Sulphur Springs K-8 joyfully embraces "house system" to bolster learning

A new system to better engage students is cheered by all at Sulphur Springs K-8.
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TAMPA

Sulphur Springs kindergartener Jeanmarcos Ramos reached through a slender opening and deep into a blue bucket Monday morning, his brow furrowed with concern.

What color bracelet would he pull out?

Please be yellow, please be yellow, please be yellow.

He seized hold of a bracelet, pulled up his arm and …

Yellow!

At that moment Jeanmarcos just might have been the happiest kid in the city. His grin, at least, had to be the biggest.

What did it mean? It meant many things. For starters, Jeanmarcos was part of the house of "Onesta," which is Italian for honesty. His house also was the same as his teacher's, a scenario he desired.

But perhaps more than anything, it indicated that the newly installed "six-house system" at Sulphur Springs K-8 Community School was off to an overwhelmingly happy start.

At times on Monday morning it seemed like all 750 students and 110 staff members at Sulphur Springs were downright ecstatic.

They all danced and cheered, and teachers wore house-colored T-shirts with fuzzy leggings and hats and so forth. The house colors — green, orange, blue, purple, yellow and red — swirled in the courtyard.

Teachers and students talked about how their house was going to be the best, and how they were going to earn points to win the house prizes, and how this house system was going to inspire a common surge to be better overall.

"This makes us feel excited to be in school," fifth-grader Ja'quan Shuriah said. "It makes us all feel more confident about working together."

Said fifth-grader Amarion Lock: "It makes me want to do better. It makes me want to have courage to be better."

And this, of course, is beautiful music to principal Julie Scardino, who in her fifth year at Sulphur Springs was searching for some way to step up the engagement of her students, many of whom have struggled in the past.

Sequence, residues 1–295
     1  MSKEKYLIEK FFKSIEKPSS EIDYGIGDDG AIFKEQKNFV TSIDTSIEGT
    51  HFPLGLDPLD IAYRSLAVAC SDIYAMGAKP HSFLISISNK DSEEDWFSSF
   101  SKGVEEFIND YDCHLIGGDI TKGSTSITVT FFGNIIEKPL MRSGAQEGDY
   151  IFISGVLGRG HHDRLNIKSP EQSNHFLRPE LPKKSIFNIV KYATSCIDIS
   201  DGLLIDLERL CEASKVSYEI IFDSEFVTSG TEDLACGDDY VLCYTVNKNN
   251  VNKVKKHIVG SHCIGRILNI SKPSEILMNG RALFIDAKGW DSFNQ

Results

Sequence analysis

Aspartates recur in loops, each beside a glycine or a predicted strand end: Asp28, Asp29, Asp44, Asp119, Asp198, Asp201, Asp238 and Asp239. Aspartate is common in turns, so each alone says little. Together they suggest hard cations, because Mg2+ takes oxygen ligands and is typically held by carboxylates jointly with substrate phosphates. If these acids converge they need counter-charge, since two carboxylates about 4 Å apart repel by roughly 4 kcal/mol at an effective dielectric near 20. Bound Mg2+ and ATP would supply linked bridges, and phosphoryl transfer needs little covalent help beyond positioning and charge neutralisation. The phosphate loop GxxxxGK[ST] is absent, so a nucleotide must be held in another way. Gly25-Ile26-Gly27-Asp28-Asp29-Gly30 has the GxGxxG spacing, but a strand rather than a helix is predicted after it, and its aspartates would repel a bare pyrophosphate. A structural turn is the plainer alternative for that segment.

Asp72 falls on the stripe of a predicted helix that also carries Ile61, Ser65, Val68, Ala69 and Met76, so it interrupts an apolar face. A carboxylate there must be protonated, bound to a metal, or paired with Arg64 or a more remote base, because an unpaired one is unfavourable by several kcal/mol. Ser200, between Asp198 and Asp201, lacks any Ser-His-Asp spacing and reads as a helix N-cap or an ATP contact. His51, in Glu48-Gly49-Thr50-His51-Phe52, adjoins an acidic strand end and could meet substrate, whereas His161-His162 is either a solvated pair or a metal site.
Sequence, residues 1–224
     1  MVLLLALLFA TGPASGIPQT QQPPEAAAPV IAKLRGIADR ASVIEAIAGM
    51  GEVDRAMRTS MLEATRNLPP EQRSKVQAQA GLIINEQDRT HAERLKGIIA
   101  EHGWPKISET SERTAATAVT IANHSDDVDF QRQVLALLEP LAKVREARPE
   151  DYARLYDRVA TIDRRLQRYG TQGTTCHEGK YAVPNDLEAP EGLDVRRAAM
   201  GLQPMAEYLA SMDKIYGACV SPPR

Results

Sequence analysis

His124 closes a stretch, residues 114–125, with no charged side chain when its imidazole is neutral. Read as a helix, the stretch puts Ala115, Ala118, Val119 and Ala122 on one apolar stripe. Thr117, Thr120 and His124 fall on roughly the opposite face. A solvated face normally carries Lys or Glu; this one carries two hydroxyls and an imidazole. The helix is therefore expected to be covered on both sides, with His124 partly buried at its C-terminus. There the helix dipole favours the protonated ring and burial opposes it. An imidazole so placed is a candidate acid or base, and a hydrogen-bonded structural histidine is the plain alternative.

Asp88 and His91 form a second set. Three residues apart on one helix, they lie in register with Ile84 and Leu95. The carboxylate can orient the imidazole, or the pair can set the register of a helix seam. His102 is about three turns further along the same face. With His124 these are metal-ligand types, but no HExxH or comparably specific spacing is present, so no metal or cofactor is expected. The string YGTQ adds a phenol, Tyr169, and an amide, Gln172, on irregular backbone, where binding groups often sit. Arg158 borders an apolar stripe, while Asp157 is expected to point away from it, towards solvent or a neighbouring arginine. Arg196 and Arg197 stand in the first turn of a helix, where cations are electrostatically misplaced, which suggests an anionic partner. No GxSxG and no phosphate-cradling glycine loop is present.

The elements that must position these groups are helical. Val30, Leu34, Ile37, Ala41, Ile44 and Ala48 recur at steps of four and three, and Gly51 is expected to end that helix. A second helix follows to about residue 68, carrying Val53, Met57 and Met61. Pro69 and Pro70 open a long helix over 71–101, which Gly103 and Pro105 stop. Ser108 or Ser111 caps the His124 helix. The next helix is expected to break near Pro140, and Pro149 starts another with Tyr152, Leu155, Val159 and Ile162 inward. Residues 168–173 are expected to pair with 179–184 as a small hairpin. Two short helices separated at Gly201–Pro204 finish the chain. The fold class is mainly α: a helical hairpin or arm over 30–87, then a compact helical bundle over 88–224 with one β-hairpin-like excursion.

That's why in May, Scardino and 11 staff members traveled to Atlanta for a two-day seminar at the Ron Clark Academy, a school nationally renowned for innovation and success.

The group came away fired up and ready to change some things at Sulphur Springs. At the forefront it involved the installation of a "house system" — similar to what's used at the Hogwarts School in the Harry Potter series.

Ron Clark has run its system with resounding results.

The Sulphur Springs team worked through the summer, creating personalized versions of the houses. The end result was six houses with international flavor: "Juriya," an African word for perseverance; "Respeto," Spanish for respect; "Onesta," Italian for honesty; "Entegrite," Haitian for integrity; Valor, Spanish for courage; and "Uzwela," Swahili for compassion.

The group then designed curriculum for the first few weeks to teach students the meanings, concepts and goals of the houses. At the same time, the staff mapped out a point system for the house competition, which among other things involves giving points for good deeds, top scholarship and wearing the school uniform or house colors (namely a house T-shirt).

In the cafeteria, television monitors were mounted to give a running count on the house points race. At the end of each month, the winning house will receive a prize such as a party or perhaps a field trip.

The ultimate prize is scheduled to come at the end of the year, where the winning house will be rewarded with a huge gift, perhaps something like a trip to Washington, D.C.

"A trip to Washington would be the dream prize," Scardino said. "We would have to raise money and/or get sponsorships to pull that off, but it is a goal we want to achieve."

On Monday, with the full school-year ahead, it felt like just about anything was possible at Sulphur Springs.

"There was a whole new energy here in the first few weeks," assistant principal Christina Copeland said. "You can feel it everywhere. I'm excited. Everyone is excited.

"Now we just have to keep it going. We all want to keep it going. I really think we can do it."

Contact Scott Purks at [email protected]

   
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